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Explore the many varieties of plumeria at Koko Crater Botanical Garden

koko crater plumeria.jpg
Catherine Cruz
/
HPR

Frangipani, melia, or plumeria. Whatever you call this fragrant bloom, it's coming to the end of its growing season. The trees will enter a dormant period. Leaves will drop and so will their watering needs until it gets close to spring.

The Conversation took a trip to the Koko Crater Botanical Garden — one of four gardens that the city operates on Oʻahu. A mature plumeria grove offers visitors a chance to see unusual seed pods and a variety of trees.

There’s one variety whose branches grow down toward the ground. And another whose leaves are more than a foot long. Flowers from this garden are part of the Memorial Day tradition of honoring the gravestones at the National Memorial Cemetery of the Pacific at Punchbowl.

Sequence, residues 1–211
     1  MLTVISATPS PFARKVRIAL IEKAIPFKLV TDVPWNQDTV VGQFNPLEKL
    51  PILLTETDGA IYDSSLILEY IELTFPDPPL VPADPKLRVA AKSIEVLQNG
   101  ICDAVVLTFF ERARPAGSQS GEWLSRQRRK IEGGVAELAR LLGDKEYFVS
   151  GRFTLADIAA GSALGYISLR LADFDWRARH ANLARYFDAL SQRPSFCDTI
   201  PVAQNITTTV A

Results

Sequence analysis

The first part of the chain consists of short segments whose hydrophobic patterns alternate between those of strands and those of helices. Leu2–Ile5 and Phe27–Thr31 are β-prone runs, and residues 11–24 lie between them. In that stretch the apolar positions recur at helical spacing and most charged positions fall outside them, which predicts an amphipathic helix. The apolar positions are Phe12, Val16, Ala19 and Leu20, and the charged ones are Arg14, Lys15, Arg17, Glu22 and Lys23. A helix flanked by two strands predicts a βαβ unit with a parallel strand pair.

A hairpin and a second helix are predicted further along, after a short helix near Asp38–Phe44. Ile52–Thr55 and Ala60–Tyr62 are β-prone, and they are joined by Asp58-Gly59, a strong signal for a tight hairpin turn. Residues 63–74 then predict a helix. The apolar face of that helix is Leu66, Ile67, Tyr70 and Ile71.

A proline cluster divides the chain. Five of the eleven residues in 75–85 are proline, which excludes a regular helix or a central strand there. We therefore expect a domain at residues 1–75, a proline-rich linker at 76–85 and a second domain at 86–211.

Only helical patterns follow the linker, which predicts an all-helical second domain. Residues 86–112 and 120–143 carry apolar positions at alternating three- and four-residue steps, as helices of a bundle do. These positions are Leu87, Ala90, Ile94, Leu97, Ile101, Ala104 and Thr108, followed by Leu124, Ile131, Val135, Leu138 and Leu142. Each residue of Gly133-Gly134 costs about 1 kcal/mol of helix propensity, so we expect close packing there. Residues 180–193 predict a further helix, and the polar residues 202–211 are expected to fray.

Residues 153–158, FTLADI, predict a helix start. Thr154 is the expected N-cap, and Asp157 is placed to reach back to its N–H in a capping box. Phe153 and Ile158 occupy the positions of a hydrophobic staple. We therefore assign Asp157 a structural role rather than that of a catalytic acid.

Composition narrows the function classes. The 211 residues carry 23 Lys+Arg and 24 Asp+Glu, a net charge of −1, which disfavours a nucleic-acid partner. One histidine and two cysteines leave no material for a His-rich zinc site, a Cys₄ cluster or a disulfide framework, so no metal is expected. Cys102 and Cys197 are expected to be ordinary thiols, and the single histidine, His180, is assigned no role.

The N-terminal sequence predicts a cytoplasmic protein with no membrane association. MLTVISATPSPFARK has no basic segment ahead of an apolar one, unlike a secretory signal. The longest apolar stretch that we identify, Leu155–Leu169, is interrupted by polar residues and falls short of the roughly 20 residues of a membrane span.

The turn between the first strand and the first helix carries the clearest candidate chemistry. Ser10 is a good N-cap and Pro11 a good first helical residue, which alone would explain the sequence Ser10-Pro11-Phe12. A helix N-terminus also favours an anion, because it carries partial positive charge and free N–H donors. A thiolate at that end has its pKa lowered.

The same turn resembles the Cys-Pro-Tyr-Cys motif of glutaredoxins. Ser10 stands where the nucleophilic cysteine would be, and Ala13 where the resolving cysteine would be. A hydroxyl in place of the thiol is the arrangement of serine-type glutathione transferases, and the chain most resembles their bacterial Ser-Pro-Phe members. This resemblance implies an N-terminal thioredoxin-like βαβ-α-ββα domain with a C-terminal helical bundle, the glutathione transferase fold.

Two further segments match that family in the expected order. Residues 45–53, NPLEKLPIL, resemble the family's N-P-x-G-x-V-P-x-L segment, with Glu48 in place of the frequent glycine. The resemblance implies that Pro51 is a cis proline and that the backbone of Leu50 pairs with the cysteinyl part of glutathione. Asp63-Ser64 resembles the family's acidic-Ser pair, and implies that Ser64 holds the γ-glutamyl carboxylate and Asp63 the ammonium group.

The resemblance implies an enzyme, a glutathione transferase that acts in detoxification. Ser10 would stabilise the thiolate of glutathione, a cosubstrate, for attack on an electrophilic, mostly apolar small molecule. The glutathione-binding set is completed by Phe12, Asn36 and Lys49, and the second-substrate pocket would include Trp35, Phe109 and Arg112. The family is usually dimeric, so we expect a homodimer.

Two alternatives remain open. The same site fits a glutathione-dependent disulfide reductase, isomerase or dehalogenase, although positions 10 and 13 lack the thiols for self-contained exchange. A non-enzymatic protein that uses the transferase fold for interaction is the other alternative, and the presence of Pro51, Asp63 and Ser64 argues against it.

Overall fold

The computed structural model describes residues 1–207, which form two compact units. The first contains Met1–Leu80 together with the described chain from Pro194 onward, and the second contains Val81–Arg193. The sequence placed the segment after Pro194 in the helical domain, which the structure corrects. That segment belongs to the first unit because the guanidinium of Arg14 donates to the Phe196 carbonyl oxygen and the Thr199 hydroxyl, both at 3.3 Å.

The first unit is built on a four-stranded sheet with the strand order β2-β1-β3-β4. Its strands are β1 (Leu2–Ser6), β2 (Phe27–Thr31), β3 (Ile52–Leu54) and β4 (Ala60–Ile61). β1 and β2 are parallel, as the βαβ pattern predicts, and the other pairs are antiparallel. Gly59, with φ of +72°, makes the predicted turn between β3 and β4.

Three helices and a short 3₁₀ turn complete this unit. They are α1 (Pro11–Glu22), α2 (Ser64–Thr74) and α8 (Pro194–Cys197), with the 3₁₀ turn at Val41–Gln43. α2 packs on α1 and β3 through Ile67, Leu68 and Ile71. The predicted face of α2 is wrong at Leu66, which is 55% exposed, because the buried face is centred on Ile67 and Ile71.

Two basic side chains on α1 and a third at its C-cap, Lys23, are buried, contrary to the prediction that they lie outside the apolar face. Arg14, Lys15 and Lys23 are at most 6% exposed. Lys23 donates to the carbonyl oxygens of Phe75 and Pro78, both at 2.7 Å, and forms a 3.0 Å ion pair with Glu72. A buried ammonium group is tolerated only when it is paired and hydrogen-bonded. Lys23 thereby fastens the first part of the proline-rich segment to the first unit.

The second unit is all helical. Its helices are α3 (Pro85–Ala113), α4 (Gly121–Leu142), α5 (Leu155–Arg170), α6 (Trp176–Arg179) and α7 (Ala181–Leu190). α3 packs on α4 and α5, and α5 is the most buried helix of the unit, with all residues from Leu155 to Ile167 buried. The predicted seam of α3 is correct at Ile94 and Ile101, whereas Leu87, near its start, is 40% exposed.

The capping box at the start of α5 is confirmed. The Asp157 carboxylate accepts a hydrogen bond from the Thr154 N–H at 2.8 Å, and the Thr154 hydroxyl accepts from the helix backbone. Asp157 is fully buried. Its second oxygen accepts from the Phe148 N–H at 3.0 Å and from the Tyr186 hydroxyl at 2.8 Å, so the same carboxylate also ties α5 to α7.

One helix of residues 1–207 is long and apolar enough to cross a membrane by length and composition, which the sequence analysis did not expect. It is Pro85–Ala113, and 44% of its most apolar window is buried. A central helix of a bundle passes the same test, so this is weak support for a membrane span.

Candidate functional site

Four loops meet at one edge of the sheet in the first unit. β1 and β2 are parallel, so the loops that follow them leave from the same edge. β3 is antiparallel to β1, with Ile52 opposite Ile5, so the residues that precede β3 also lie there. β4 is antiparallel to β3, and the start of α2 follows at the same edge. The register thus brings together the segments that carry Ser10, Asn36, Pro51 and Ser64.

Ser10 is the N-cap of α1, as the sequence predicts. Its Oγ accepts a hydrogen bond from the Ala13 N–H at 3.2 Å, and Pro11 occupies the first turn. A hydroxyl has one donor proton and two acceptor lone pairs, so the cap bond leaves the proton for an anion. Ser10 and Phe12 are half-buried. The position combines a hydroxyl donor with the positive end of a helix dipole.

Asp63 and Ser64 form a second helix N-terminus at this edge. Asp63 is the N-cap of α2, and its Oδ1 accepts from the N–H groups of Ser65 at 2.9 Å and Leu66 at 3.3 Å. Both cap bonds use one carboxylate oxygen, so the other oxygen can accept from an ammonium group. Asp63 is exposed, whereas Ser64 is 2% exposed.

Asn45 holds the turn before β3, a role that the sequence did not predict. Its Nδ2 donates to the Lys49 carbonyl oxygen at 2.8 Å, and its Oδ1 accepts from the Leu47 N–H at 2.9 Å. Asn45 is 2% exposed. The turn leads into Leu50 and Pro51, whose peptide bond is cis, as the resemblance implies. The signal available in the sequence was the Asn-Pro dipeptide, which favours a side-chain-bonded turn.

The grove includes collections of some of the early plumeria pioneers: Jim Little, who wrote a book on raising plumeria, and Bill Moragne, who was a key hybridizer. And it was Paul Weissich who created the city’s botanical gardens.

Talia Portner, the horticulturist for the Koko Crater Botanical Garden, says the young crater, a result of an eruption 7,000 years ago, offers mineral-rich soil that is fertile ground for the drought-tolerant plumeria.

This interview aired on The Conversation on Oct. 28, 2022. The Conversation airs weekdays at 11 a.m. on HPR-1.

Catherine Cruz is the host of The Conversation. Originally from Guam, she spent more than 30 years at KITV, covering beats from government to education. Contact her at ccruz@hawaiipublicradio.org.
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